What's in store for 2010 business/IT alignment.
Thu, December 17, 2009
CIO — I've taken to calling it "The Scarlet A," this persistent quest for IT/business alignment that brands senior IT leaders everywhere. My smart-alecky phrase cracks a few smiles of weary recognition from CIO audiences, but nobody argues against IT initiatives lining up with business goals.
But as our annual State of the CIO survey discovered, IT's commercial focus is fast becoming the sharper edge of alignment (see "Acting on Opportunity"). Also new in this issue is "Connecting Points" a collection of peer advice from our workshops.
Chevron CIO and President of IT Louie Ehrlich points out that last year's global recession accelerated the drive to use IT in "building and maintaining an understanding of the commercial and customer side of the business." The truly aligned companies of the future, in other words, will be those where every division, every department, every manager and every employee is working toward the goal of winning over customers. And guess what lives at the very center of the customer experience?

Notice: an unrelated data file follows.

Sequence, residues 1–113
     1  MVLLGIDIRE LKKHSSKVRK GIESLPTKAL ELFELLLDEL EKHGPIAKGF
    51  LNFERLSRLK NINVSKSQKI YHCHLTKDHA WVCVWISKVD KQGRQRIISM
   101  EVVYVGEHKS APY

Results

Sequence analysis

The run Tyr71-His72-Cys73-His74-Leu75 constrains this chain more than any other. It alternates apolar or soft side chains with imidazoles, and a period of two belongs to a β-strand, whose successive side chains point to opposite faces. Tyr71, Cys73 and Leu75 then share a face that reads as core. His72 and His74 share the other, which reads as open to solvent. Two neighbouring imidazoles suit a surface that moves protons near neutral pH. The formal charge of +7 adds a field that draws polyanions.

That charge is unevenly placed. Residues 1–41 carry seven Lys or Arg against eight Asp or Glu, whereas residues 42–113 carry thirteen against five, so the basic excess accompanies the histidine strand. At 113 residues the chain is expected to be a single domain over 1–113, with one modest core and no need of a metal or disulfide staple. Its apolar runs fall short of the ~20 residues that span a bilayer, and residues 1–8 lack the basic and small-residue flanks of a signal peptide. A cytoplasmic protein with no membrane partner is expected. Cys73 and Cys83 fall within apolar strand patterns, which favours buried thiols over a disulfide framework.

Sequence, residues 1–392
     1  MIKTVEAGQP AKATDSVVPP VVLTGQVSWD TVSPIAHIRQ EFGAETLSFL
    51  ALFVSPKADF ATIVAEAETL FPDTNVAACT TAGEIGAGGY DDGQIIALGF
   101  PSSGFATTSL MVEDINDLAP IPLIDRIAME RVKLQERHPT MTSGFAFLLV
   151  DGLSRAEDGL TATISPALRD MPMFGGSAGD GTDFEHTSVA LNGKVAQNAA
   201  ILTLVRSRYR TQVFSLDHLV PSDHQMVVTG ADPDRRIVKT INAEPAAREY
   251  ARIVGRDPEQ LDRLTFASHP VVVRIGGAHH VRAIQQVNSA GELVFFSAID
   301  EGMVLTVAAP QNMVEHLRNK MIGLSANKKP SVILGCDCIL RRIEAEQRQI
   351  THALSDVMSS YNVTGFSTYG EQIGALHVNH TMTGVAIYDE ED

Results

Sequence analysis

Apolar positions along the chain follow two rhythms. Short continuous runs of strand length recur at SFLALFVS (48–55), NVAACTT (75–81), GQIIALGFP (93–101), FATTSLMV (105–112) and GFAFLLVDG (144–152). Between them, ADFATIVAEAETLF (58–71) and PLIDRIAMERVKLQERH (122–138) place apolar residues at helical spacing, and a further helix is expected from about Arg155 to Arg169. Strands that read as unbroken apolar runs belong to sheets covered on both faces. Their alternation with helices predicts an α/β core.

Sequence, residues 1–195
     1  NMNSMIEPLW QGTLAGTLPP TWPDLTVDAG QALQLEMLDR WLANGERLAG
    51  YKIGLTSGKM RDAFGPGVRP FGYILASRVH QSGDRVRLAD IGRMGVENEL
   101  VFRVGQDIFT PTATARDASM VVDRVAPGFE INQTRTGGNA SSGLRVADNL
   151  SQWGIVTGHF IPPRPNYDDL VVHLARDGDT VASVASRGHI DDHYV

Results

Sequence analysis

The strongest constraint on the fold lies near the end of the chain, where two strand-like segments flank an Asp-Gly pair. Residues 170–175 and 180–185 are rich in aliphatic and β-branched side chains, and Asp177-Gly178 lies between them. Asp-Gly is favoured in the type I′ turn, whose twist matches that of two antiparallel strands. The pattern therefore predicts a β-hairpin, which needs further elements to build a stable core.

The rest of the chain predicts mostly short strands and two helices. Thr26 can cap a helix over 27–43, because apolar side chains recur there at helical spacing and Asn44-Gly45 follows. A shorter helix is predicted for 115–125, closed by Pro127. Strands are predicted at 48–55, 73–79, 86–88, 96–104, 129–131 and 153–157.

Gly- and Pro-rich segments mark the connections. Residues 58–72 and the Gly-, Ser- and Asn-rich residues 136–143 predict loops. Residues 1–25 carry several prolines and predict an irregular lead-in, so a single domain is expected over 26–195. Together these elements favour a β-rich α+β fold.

Just listen to CIO Drew Martin of Sony Electronics: "In so many of the products offered now, the differentiating component is the IT capability." Certain Sony TVs, for example, now stream movies wirelessly thanks to products IT helped create. "You have to have an awareness of where your business is trying to go," Martin says.
Standing out in our survey was the finding that more than three times the IT leaders identified "seizing commercial opportunities" as a personal leadership competency (22 percent this year versus 6 percent last year). Some 30 percent of the 594 IT leaders we surveyed identified "meeting or beating business goals" as a critical core competency, and "external customer focus" popped up as another vital skill for twice as many respondents this year.
While still far from the majority, some CIOs are running businesses alongside oversight of internal IT. Like CIO Anna Ewing at the Nasdaq stock exchange, who runs the division that sells Nasdaq's technology to financial exchanges around the world. A CIO's ability to spot new business opportunities comes from thinking like a CEO, Ewing believes.
This all points to what our CIO Executive Council calls "The Future-State CIO," a top exec primarily focused on broadening beyond operational excellence into customer impact and business strategy. As Ehrlich aptly puts it: "Let's create a future where the CIO not only can play a strategic external/commercial role, but is called upon by CEOs to do just that." Alignment 2010 could be a whole new game for CIOs, at long last!